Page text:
Made for coating large structures and components such as motor housings, bag houses, cyclones, hoppers, pipelines and precipitators, this single-part, gray, low-viscosity, polymeric coating cures and dries at room temperature into a hard, non-porous and abrasion resistant material. It has survived long-term salt fog, salt spray and humidity of over 1,000 hours, and resists hydrochloric, nitric, ethylene chloride and sulfuric acids. It comes in a 200-240 cps viscosity, a specific gravity of 1.05 gms/cc, and solids by volume of 49 percent (67 percent by weight). It usually goes on by brush, roller or ordinary pneumatic spray equipment in a 4.0 mil wet film thickness, and dries to about 2.0 mils, typically covering 722 sq ft per gallon in a 1.0 mil dry film. It can also be applied directly on rusted surfaces. It comes in pint, quart and gallon containers. Aremco Products Inc.http://rbi.ims.ca/4928-624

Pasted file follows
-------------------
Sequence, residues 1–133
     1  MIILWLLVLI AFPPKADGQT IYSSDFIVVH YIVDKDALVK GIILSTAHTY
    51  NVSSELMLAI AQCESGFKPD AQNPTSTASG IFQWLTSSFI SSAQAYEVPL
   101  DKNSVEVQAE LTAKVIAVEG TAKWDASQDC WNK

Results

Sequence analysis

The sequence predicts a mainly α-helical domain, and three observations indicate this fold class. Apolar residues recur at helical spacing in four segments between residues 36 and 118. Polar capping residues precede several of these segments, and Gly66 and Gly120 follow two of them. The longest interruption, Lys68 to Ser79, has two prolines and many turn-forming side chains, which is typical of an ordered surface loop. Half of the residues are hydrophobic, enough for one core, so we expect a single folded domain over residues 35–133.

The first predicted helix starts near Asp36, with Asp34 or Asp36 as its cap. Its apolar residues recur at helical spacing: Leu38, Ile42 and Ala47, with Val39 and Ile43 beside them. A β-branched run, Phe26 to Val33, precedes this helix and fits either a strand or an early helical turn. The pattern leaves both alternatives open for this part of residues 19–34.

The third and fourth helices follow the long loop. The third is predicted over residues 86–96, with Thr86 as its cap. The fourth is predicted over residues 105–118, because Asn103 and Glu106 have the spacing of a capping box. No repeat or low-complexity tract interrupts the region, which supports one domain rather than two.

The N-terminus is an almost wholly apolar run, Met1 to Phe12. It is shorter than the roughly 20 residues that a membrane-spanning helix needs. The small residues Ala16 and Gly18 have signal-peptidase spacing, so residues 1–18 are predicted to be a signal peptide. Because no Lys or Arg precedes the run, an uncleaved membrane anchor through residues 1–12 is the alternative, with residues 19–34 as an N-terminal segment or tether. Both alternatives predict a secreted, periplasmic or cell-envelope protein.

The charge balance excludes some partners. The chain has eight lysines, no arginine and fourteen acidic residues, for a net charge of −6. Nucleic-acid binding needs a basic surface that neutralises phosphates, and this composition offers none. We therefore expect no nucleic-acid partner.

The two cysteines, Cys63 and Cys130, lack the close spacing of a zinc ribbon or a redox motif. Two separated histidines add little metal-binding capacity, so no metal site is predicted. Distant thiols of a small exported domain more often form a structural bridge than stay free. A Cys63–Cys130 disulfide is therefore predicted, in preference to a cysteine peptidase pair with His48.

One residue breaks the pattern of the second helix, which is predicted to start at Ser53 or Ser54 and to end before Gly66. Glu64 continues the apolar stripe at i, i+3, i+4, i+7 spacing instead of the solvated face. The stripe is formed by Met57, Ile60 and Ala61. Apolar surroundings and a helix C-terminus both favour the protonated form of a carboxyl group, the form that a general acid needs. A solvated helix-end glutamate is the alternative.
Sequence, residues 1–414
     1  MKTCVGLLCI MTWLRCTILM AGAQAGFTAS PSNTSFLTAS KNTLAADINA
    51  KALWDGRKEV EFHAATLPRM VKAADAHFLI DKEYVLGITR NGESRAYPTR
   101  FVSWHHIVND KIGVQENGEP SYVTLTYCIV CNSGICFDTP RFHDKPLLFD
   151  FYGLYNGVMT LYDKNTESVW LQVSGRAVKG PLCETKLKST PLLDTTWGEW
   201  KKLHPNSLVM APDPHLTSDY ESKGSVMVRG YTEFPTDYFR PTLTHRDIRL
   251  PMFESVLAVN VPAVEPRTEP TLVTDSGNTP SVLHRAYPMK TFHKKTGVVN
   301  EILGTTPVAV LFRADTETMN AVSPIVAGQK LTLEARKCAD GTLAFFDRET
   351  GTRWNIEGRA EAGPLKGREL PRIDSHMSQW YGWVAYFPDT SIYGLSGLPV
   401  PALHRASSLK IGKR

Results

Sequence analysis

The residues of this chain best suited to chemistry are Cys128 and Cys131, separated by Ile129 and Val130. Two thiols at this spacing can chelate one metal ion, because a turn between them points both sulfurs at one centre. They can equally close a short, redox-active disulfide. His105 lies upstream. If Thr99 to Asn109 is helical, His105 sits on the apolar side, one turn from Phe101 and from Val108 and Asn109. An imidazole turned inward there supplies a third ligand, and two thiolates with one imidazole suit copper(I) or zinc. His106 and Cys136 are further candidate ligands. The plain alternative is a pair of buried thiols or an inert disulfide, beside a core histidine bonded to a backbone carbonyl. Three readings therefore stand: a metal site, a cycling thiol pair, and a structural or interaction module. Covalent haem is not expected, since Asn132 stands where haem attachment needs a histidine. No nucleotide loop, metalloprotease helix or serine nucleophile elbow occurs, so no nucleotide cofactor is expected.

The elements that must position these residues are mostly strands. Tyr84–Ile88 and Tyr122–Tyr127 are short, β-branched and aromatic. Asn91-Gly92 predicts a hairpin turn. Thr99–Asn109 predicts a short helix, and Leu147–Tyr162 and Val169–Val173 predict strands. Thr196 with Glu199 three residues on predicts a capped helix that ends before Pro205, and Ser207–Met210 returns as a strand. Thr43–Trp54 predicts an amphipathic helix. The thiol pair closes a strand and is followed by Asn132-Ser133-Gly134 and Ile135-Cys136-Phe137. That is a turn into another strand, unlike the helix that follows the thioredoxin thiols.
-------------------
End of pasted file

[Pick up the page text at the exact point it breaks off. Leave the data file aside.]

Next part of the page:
Are they robots or androids? We're not exactly sure. Each talking, gesturing Geminoid looks exactly like a real individual, starting with their creator, professor Hiroshi Ishiguro of Osaka University in Japan.
For industrial control applications, or even a simple assembly line, that machine can go almost 24/7 without a break. But what happens when the task is a little more complex? That’s where the “smart” machine would come in. The smart machine is one that has some simple (or complex in some cases) processing capability to be able to adapt to changing conditions. Such machines are suited for a host of applications, including automotive, aerospace, defense, medical, computers and electronics, telecommunications, consumer goods, and so on. This discussion will examine what’s possible with smart machines, and what tradeoffs need to be made to implement such a solution.